It is better to decide how much we can help and stick with that, than to pretend to help but avoid really helping by making help hard.
There is A Final Solution to Poverty and Unemployment. Poverty can be solved by growth, by being mean, by education, by job training, by induced inflation, or by some other intervention. This is all false. Poverty is the result of interactive strategies by real people under imperfect competition. We cannot cure it once and for all. We have to learn to live with it in an honorable and humane manner.
Having a Color TV Makes Poverty OK. Most poor people in the United States do live tolerably well compared to poor people in other parts of the world except Europe. But that does not make it OK.
People starve in the United States. People die of diseases induced by poverty and stress. Many homeless people live in very bad conditions. Anybody who thinks that all poor people in the U.S. have color TV sets and air conditioning should drive through the rural South, the Appalachian or Adirondack mountains, or even some of the mountain areas in the supposedly all-affluent state of California.
The poor that have TV sets and air conditioning do so through the help of kin and through present state programs - not because America has so much wealth that it just naturally percolates down to them. The natural operation of the economy creates a hole that is not filled unless people fill it on purpose.
Even if all the poor in America did have TV sets and air conditioning, that still would not get at the main problem: grossly unequal opportunity for their children. We can never make all opportunity for all children equal, but we can do a better job than we do now.
Education Cures All. If only all children got an education, then all of them would find jobs, and there would be no poverty. This is false. The hole in the economy would exist even if everybody had a Ph.D. and everybody deserved his/her Ph.D. An education of absolutely equal quality, so that all children would be equally certified, would go a long way toward equalizing the distribution of jobs, and toward reducing racism and sexism; but it would not eliminate poverty or unemployment. We still need welfare and health insurance.
Sometimes I fear that people who tout education as a simple cure do so as a way to take our minds off the core problem. They offer a poor education to poor children so that they can say, “Aha! See! The poor got what they need and they still can’t get a job. So we shouldn’t have helped after all.”
Even though an education will not eliminate unemployment and poverty, we still have to try to give all children a competent education.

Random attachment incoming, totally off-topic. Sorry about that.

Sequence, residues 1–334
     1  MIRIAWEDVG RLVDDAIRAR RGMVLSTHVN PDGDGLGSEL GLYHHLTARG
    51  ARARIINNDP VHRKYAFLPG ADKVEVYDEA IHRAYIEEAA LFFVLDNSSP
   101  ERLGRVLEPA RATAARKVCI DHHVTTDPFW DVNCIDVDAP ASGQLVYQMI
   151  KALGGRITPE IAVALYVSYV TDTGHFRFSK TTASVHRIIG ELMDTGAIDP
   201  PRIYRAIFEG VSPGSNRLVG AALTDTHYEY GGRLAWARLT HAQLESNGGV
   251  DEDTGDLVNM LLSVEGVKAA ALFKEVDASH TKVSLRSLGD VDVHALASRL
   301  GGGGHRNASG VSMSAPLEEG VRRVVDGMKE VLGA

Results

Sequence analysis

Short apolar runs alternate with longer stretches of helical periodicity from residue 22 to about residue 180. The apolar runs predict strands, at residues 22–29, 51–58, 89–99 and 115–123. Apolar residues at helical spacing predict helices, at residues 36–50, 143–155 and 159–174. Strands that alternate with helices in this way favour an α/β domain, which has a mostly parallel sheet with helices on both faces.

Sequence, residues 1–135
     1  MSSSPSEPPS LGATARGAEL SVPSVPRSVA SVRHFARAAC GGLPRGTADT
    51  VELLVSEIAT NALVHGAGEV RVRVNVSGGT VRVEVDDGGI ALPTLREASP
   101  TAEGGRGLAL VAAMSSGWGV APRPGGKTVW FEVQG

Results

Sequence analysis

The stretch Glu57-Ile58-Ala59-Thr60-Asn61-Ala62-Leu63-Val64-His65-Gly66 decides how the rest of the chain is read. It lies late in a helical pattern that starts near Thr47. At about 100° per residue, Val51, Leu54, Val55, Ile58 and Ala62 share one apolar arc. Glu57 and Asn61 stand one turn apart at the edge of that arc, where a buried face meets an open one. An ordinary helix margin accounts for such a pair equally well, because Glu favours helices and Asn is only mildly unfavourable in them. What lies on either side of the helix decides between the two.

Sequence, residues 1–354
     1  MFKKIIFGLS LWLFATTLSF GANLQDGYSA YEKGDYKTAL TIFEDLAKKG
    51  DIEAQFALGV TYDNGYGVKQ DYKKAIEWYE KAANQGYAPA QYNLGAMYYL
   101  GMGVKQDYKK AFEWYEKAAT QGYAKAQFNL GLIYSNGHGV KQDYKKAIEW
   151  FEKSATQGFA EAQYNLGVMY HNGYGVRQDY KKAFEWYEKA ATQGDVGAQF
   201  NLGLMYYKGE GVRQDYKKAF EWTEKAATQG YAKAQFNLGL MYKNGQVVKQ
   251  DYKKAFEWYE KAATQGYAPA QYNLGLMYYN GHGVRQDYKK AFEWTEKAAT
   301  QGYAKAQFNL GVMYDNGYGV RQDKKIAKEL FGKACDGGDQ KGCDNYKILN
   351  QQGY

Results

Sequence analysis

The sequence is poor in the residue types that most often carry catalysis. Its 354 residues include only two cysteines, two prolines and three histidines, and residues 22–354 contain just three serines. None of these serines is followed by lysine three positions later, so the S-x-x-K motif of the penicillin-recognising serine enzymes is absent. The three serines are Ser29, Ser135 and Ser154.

Being Nasty Cures All. The poor are lazy and dishonest. There are enough jobs if we just force people to work. Welfare only allows the lazy and dishonest to get away with it. If we were only mean enough, then everybody would have to go to work on his/her own. We cause problems for ourselves by being too nice. “The road to hell is paved with good intentions”.
Some of the poor are lazy and dishonest, but not most of them. Welfare and other programs do allow some people to get away with it, and probably do make otherwise decent people more lazy and dishonest. Sometimes we have to be mean. But there are not enough jobs, and being mean will not make it so.
The road to hell often is paved with good intentions, but that is probably truer of programs that help the middle class, the rich, and business firms than programs that help the poor. The rule should be applied across the board.
Expansion Solves All Problems. There is no point arguing more against this idea. Expansion creates a bigger pie with the same relative pieces. It does not make a better pie. It does not make a pie with more equal slices. It does not make a pie out of which everybody gets a slice.
Induced expansion distorts the economy and does more harm than good.
I think most people who promote growth schemes do so as a way to promote their own interests rather than out of concern for the poor or even for the welfare of the country as a whole.
We still should promote research, and should collect information about products and about the state of the world; and we should still promote the dissemination of technology and information.
A Little Bit Does Not Matter. What are one or two programs? What does it matter if we protect a little bit here, or give a little bit there?
Suppose there are 50 million mortgages in the United States, and each of those mortgages benefits by $5000 in tax credits every year. That is 250 billion dollars of distortion. People that do not have mortgages pay for the people that do have mortgages. That is too much distortion even from only one project.